West Memphis revisited 

Race-divided city now finds blacks pitted against one another.

Page 6 of 7

The reformers have become increasingly vocal in their denunciation of their opponents, which now include the city's white power structure, allegedly corrupt Crittenden County blacks, allegedly do-nothing black elected officials in city and county government, and the state and national NAACP. In an e-mail dated Sept. 28, 2011 to the Crittenden County NAACP members, Afrika wrote, in part, "We have all these Afrikan[sic]-American officials ... Most of these "negroes [sic] are bought, paid-for, rented, leased, borrowed, sold-out, and or simply foolish."

Pointing out the tiny percentage of blacks in West Memphis who work for the city, he called on the members to "do simple research. Find out how your leaders make a living. Who do they work for? Who are they contracted through or by? Who are their spouses and family members employed by? Do they represent you or their employers and bosses? They may be your friend, fraternity brother, or even your pastor, but whose interests do they really serve? As responsible adults and particularly black people whose entire reality has been shaped by systematic injustice for generations, we have a moral responsibility to do so ..."

On Facebook at ourview.naacp, the rhetoric of the reformers is even harsher — inflammatory and racist, says the Evening Times. Interviewed for this article, managing editor Gary Meece said in an e-mail that Afrika "is not a spokesman for the black community, though he styles himself as such. ... [he] is a troublemaker and a publicity hound but that does not make him newsworthy. He and his chapter were bounced out of the NAACP for his racist rhetoric." He has also said that Afrika has libeled him and members of his staff, and individuals are considering legal action. Afrika, who also ran and was defeated for a position on the West Memphis School Board, responded to Meece's charges by saying that he is a "liar." He acknowledged that questions have been raised about whether he is actually a legal resident in the second ward. He has a home in Marion but his business, Afrika Books and Cultural Center, is located in Ward Two in West Memphis. No "Johnny come lately" to the civil rights struggle in West Memphis, he says that he and his wife were two of the plaintiffs who brought the redistricting litigation.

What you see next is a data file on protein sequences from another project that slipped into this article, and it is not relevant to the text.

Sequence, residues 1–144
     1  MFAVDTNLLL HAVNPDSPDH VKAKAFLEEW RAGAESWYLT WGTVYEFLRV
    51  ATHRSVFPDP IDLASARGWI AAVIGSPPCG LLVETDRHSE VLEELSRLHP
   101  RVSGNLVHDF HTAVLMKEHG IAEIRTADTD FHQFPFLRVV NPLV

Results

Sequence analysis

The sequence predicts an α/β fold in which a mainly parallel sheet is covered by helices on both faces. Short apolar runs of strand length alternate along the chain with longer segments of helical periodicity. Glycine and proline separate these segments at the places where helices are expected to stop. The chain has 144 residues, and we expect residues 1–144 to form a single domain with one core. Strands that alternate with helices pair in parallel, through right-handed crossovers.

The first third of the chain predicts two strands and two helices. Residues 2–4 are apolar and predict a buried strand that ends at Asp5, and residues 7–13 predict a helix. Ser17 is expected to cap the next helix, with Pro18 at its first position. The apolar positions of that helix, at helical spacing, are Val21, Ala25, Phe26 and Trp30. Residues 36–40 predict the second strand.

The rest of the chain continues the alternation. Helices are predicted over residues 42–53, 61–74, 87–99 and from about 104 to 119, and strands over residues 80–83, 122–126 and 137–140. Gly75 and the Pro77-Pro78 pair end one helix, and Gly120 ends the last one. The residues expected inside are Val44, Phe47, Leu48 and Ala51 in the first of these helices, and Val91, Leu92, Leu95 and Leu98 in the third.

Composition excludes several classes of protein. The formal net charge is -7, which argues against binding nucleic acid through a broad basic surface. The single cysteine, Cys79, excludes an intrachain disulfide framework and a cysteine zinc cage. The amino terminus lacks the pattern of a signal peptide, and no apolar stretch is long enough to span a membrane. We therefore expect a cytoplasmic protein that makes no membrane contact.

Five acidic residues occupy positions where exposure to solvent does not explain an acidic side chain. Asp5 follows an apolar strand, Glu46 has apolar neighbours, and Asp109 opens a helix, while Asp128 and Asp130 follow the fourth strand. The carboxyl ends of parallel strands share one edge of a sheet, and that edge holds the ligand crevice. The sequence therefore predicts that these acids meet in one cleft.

Whatever the final outcome of the litigation in Judge Hill's Court, Afrika's leadership has become a bone of contention in the black community. In an interview on Nov. 2 with him, Hubert Bass and Lawrence Brown, who acted as Afrika's campaign manager during the recent Ward two election, it was acknowledged that none of the black city councilmen supported Afrika's council candidacy. On Nov. 6, Afrika received 611 votes, finishing third in a three-person race for a seat on the council against two other black candidates.

In his recent e-mail, the Times' Meece said that "generally individuals of all races get along well here ... there is some residual racial resentment ... No doubt there are incidents of mutual distrust ... ."

So long as the subject of race is avoided in West Memphis, a recent and very short visit suggests support for the view that at least in public "all races get along well here." On the other hand, an outsider would be hard-pressed to dismiss an e-mail from Crittenden County Election Commissioner Pat Henderson, who described meetings of the Crittenden County Democratic Party as events where "everyone consistently sits with all the whites on one side and all the blacks on the other side. If there are disagreements that require a vote, all the whites vote together, and all the blacks vote together."



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